Say Pays! Shareholder Voice and Firm Performance

The following post comes to us from Vicente Cuñat of the Financial Markets Group at the London School of Economics and Political Science, Mireia Giné of the Financial Management Department at IESE Business School of the University of Navarra, and Maria Guadalupe of the Department of Economics and Political Science at INSEAD.

In our paper, Say Pays! Shareholder Voice and Firm Performance, which was recently made publicly available on SSRN, we estimate the effect of increasing shareholder “voice” in corporations through a new governance rule that provides shareholders with a regular vote on pay: Say on Pay. Say on Pay policy is an important governance change mandated by the Dodd-Frank Act that provides shareholders with a vote on executive pay. It is part of a general trend toward more CEO accountability and increased shareholder rights. Shareholders may use this new channel to voice their discontent regarding the link between pay and performance. This new policy is at the forefront of the debate on executive pay and its efficacy to deliver firm performance.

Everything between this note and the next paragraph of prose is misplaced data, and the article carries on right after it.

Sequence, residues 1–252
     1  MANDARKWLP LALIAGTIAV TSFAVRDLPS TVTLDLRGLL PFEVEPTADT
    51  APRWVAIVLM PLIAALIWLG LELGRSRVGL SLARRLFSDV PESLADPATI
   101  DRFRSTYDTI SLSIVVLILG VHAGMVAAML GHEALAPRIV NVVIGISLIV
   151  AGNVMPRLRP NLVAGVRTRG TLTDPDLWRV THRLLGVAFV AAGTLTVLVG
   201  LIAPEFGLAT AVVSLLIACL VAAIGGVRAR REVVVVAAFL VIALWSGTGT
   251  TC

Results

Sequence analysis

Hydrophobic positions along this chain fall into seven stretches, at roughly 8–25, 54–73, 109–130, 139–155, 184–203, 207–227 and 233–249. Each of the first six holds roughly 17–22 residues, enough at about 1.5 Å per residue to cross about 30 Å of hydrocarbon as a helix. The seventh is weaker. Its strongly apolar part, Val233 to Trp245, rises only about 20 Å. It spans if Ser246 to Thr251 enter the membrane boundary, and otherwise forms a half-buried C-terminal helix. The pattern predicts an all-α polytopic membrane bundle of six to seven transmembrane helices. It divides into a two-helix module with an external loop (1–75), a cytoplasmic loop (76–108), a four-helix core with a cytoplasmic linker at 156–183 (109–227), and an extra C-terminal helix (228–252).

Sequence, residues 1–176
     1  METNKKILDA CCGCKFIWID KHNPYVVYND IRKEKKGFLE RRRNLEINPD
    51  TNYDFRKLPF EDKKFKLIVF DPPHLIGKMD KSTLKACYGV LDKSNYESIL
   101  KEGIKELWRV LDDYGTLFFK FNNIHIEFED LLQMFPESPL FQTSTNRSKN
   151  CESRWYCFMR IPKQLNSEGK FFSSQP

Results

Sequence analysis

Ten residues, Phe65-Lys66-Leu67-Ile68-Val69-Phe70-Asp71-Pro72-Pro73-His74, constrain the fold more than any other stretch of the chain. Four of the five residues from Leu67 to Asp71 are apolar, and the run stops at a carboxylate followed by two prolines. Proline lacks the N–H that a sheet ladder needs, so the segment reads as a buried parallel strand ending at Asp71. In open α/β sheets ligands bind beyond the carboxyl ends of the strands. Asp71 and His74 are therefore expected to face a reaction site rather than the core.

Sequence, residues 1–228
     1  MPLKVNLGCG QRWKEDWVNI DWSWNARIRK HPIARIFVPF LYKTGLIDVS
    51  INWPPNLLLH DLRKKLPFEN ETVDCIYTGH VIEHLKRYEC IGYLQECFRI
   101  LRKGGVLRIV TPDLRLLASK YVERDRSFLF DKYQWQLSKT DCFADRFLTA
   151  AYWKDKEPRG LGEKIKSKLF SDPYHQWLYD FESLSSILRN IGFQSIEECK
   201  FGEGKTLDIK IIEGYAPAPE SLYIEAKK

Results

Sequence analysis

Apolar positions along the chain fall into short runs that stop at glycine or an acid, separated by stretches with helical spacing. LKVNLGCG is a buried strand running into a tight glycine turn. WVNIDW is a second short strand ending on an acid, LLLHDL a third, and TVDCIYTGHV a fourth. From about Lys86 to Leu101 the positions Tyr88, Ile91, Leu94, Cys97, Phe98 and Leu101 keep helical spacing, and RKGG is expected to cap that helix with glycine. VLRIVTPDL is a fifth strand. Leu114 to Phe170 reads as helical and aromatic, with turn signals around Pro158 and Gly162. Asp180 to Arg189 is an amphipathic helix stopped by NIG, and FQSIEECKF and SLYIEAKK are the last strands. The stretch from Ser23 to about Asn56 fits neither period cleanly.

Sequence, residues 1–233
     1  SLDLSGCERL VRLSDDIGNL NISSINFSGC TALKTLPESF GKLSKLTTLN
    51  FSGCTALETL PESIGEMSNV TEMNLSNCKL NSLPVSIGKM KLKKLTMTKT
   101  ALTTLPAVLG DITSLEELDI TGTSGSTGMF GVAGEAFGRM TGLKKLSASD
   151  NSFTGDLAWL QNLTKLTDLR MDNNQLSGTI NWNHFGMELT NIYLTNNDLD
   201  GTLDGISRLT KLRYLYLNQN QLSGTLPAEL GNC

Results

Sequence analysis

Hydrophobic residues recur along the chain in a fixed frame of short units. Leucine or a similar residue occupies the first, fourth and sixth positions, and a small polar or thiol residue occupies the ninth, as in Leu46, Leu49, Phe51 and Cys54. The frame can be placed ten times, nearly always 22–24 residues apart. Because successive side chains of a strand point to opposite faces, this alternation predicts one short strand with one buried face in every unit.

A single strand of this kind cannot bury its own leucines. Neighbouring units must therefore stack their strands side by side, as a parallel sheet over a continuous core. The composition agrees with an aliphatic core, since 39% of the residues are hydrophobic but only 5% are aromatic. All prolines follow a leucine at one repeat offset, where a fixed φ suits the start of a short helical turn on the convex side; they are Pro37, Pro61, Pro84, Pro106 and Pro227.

Passive Investors, Not Passive Owners

The following post comes to us from Glenn Booraem, Principal and Fund Controller at Vanguard Fund Financial Services, and is based on a Vanguard publication by Mr. Booraem.

About a year ago we restated Vanguard’s mission to read: “To take a stand for all investors, treat them fairly, and give them the best chance for investment success.” While the words were new, the ideals were not; they’ve been the consistent principles by which we’ve managed our enterprise since our founding.

As we stand on the cusp of “proxy season”—when investors in most U.S. companies will vote at shareholder meetings on matters including the election of directors and the approval of compensation plans—it strikes me that nothing better exemplifies our mission in action than our efforts to ensure that the companies in which our funds invest are subject to the highest standards of corporate governance.


Shareholder Activism in the UK: An Introduction

The following post comes to us from Jeffery Roberts, a senior partner in the London office of Gibson, Dunn and Crutcher, and is based on a Gibson Dunn alert by Mr. Roberts, Gareth Jones, and Selina S. Sagayam.

This post provides a summary of certain principles of English law and UK and European regulation applicable to UK-listed public companies and their shareholders that may affect shareholder activism, namely (i) stake-building, (ii) shareholders’ rights to require companies to hold general meetings, (iii) shareholders’ rights to propose resolutions at annual general meetings and (iv) recent developments in these and related areas.

I Own or Am Intending to Acquire Shares; Do I Need To Make Any Disclosures?